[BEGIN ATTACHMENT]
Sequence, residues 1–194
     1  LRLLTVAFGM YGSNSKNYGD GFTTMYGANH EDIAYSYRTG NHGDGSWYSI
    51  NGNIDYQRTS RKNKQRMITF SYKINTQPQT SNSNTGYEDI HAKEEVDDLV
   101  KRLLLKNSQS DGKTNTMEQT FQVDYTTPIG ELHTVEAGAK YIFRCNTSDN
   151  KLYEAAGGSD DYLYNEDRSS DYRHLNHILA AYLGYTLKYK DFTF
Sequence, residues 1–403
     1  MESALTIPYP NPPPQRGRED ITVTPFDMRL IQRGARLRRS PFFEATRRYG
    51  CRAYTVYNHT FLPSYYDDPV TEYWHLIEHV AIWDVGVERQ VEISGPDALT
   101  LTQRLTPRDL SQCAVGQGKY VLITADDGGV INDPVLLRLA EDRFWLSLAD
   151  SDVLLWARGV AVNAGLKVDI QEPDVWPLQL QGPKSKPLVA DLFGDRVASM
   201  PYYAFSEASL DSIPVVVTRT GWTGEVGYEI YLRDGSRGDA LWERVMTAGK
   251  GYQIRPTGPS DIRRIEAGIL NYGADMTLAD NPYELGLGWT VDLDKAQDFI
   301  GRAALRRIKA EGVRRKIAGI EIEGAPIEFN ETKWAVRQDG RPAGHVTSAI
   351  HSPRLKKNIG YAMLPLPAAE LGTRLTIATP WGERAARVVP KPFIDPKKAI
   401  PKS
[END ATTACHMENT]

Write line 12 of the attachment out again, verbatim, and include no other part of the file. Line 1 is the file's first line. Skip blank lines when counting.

   251  GYQIRPTGPS DIRRIEAGIL NYGADMTLAD NPYELGLGWT VDLDKAQDFI